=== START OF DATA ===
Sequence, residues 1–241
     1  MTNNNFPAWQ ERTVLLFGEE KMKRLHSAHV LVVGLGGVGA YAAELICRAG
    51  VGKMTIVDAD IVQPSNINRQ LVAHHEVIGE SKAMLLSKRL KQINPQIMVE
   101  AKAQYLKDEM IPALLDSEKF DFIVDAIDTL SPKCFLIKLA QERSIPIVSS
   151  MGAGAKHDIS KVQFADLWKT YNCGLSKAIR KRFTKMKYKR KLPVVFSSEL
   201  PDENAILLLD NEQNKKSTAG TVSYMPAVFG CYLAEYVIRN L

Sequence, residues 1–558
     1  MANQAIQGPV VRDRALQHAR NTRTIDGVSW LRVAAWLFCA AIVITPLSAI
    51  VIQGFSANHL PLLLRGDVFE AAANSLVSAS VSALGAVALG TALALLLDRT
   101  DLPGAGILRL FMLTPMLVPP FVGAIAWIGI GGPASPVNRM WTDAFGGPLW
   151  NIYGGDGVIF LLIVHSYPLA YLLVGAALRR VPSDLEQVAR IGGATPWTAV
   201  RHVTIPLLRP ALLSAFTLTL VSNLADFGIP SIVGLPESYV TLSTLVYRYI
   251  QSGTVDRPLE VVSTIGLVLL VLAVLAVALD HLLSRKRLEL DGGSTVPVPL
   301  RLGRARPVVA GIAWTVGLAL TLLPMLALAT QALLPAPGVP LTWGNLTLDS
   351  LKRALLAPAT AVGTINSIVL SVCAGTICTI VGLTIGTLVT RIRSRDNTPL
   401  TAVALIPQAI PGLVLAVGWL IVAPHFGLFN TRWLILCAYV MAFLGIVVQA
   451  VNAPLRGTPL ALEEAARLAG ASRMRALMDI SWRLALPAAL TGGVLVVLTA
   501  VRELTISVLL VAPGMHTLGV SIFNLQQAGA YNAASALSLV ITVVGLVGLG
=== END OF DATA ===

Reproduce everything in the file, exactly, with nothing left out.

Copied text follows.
Sequence, residues 1–241
     1  MTNNNFPAWQ ERTVLLFGEE KMKRLHSAHV LVVGLGGVGA YAAELICRAG
    51  VGKMTIVDAD IVQPSNINRQ LVAHHEVIGE SKAMLLSKRL KQINPQIMVE
   101  AKAQYLKDEM IPALLDSEKF DFIVDAIDTL SPKCFLIKLA QERSIPIVSS
   151  MGAGAKHDIS KVQFADLWKT YNCGLSKAIR KRFTKMKYKR KLPVVFSSEL
   201  PDENAILLLD NEQNKKSTAG TVSYMPAVFG CYLAEYVIRN L

Sequence, residues 1–558
     1  MANQAIQGPV VRDRALQHAR NTRTIDGVSW LRVAAWLFCA AIVITPLSAI
    51  VIQGFSANHL PLLLRGDVFE AAANSLVSAS VSALGAVALG TALALLLDRT
   101  DLPGAGILRL FMLTPMLVPP FVGAIAWIGI GGPASPVNRM WTDAFGGPLW
   151  NIYGGDGVIF LLIVHSYPLA YLLVGAALRR VPSDLEQVAR IGGATPWTAV
   201  RHVTIPLLRP ALLSAFTLTL VSNLADFGIP SIVGLPESYV TLSTLVYRYI
   251  QSGTVDRPLE VVSTIGLVLL VLAVLAVALD HLLSRKRLEL DGGSTVPVPL
   301  RLGRARPVVA GIAWTVGLAL TLLPMLALAT QALLPAPGVP LTWGNLTLDS
   351  LKRALLAPAT AVGTINSIVL SVCAGTICTI VGLTIGTLVT RIRSRDNTPL
   401  TAVALIPQAI PGLVLAVGWL IVAPHFGLFN TRWLILCAYV MAFLGIVVQA
   451  VNAPLRGTPL ALEEAARLAG ASRMRALMDI SWRLALPAAL TGGVLVVLTA
   501  VRELTISVLL VAPGMHTLGV SIFNLQQAGA YNAASALSLV ITVVGLVGLG